Case Study

Making It

making it

Over a period of 18 months from 2022, a series of ‘Making It’ courses have attracted over 60 participants from the communities of North Kirklees to develop their sewing skills to a professional level. Funded through Levelling Up and part of the WOVEN festival, these courses are aimed at uncovering the often-hidden skills within the community, and supporting women to develop their skills to take up employment.

This programme was as much a learning journey for all the delivery partners and it was for the women taking part. Courses were run across a number of venues and each course was very responsive to the needs of the women taking part. All courses aim  to: 

  • Develop participant confidence in sewing, 
  • Build community through bringing people together to learn 
  • Enhance social confidence and skills in order to support participants into employment 

We found out through evaluation that the unexpected outcomes have been: 

  • Tackling social isolation 
  • Enhancing wellbeing 
  • Opportunity to take time out of family and community commitments to do something for themselves

“I have found a new love for sewing… I find the teaching so clever, supportive and advanced.”

At each venue, the women attending have benefited from expert tutoring and guidance. Across the venues we worked at different levels of confidence and skills.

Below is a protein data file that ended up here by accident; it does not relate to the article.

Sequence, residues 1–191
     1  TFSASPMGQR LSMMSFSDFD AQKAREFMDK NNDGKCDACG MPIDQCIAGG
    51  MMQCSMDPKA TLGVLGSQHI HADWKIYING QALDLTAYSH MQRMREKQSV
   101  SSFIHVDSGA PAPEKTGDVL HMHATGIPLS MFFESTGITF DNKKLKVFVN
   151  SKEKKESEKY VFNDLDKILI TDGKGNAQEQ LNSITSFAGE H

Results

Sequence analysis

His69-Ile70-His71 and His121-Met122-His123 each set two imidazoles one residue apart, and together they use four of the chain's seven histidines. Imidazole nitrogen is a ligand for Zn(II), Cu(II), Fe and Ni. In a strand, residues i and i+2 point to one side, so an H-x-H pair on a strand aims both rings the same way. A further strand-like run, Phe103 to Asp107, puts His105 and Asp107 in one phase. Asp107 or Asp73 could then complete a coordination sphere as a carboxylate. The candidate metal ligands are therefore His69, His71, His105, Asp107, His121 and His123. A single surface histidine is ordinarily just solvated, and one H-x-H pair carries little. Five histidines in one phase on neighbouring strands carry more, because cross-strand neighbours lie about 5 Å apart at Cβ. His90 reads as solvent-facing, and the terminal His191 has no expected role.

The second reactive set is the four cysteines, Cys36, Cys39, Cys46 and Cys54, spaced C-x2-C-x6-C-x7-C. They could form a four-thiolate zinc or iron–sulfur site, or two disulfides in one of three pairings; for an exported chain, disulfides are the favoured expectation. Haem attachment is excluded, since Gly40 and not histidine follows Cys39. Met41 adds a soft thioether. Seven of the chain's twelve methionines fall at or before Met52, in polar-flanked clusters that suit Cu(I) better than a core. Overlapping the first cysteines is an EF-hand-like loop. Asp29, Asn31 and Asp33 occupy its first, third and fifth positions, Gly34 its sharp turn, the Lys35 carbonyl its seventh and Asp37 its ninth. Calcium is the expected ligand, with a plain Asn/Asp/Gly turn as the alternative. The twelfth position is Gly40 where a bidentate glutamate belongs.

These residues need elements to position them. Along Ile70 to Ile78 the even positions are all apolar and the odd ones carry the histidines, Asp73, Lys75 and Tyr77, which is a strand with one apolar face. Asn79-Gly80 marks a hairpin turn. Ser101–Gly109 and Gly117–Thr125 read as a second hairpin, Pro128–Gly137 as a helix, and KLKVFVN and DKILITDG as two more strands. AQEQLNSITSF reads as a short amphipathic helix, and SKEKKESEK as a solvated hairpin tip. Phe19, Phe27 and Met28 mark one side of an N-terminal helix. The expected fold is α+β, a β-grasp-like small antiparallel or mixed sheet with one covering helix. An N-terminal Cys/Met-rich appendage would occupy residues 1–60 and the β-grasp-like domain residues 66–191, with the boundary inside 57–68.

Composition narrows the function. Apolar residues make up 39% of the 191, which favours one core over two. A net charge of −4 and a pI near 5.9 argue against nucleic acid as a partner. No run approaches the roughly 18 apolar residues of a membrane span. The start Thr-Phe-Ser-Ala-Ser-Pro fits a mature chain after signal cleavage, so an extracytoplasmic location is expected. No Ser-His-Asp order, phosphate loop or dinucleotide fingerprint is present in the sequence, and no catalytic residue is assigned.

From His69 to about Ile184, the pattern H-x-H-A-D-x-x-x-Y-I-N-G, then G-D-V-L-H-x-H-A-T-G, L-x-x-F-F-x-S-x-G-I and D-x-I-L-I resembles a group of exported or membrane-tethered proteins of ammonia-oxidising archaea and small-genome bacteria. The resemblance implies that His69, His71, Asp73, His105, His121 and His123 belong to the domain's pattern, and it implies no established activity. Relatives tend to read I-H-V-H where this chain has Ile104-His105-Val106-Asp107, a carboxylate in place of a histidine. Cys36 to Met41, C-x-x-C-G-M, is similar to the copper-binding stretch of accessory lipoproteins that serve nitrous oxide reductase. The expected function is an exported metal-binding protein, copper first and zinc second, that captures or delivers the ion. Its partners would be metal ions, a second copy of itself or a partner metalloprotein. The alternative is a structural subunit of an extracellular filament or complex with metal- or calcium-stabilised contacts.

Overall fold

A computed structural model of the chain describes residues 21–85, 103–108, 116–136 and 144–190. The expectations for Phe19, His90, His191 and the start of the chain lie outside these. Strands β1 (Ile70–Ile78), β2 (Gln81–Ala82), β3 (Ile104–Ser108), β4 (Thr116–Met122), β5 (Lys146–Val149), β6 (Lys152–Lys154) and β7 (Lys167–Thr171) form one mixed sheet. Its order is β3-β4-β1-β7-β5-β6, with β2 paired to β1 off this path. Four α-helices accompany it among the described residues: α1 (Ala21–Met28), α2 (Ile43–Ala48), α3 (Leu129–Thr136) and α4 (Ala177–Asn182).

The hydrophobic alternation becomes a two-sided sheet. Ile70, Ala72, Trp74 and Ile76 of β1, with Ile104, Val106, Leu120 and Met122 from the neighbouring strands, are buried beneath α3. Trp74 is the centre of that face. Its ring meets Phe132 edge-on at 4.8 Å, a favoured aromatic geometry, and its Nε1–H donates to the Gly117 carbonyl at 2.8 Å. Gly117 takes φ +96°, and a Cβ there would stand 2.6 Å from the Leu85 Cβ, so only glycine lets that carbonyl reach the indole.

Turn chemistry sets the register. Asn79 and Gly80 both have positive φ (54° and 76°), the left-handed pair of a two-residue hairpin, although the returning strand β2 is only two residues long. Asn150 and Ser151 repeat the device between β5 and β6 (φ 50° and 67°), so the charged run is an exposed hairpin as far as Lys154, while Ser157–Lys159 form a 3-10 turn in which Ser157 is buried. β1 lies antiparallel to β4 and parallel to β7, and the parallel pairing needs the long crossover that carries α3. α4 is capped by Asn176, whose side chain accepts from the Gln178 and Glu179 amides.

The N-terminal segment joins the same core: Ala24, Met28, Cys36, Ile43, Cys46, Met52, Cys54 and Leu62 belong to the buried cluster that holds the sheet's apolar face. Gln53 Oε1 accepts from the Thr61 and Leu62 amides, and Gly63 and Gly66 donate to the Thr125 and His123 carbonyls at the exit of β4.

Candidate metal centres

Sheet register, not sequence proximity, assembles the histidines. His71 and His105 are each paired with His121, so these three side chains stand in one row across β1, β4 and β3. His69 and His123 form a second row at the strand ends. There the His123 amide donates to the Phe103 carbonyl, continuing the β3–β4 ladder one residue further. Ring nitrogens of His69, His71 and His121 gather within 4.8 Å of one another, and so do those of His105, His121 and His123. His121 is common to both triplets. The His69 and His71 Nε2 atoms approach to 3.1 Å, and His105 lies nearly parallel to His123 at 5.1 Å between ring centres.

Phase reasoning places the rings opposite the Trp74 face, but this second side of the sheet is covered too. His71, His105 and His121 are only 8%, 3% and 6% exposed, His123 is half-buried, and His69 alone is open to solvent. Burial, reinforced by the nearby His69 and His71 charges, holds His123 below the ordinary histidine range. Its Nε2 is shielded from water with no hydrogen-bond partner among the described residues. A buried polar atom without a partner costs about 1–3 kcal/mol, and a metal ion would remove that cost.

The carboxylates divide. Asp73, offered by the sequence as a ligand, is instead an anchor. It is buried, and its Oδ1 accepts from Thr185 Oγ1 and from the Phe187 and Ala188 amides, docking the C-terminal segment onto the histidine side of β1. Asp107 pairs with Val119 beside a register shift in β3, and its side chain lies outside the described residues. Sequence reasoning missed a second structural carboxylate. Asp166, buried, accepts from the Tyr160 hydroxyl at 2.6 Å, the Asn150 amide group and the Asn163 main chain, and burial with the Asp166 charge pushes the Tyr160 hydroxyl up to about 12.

Pentland Well-being Centre
Working with community tutors Iqra and Kaniz, we were able to find out if there was an appetite in the community for sewing sessions that would help develop employment skills. This course was very much an introduction and to get started engaging in the community. 

Iqra and Kaniz guided participants through basic sewing and pattern measurement skills, to ultimately create a Shalwar Kameez. 

Many of the participants enhanced their work by applying embroidery designs to their garments. 

Ravensthorpe Community Centre
Working with tutor Emma Brackenbury participants were able to progress skills into making tote bags and skirts along with having the opportunity to use an  industrial machine from The Textile Centre of Excellence. 

“I learnt lots and it helped boost my confidence.” 

“I enjoyed learning something new – making zip pockets”

The Textile Centre of Excellence
A programme for those who felt confident to learn from the start in a fully equipped industrial workshop. Experienced tutor, Christine Robertson, taught skills at a pace. Each step was modelled, guided and garment making was overseen to a high standard.

In both Ravensthorpe and Textile Centre of Excellence participants were supported by the expert guidance of a tutor who demanded excellence and precision – ensuring standards that would be acceptable in a workplace, beyond those that perhaps are the norm when sewing at home. 

Excellence was demanded at every stage and the  participants have left with a range of quality products that they have themselves created.

The courses have evolved over time, taking into account the needs and interests of different groups and identified lines of employment.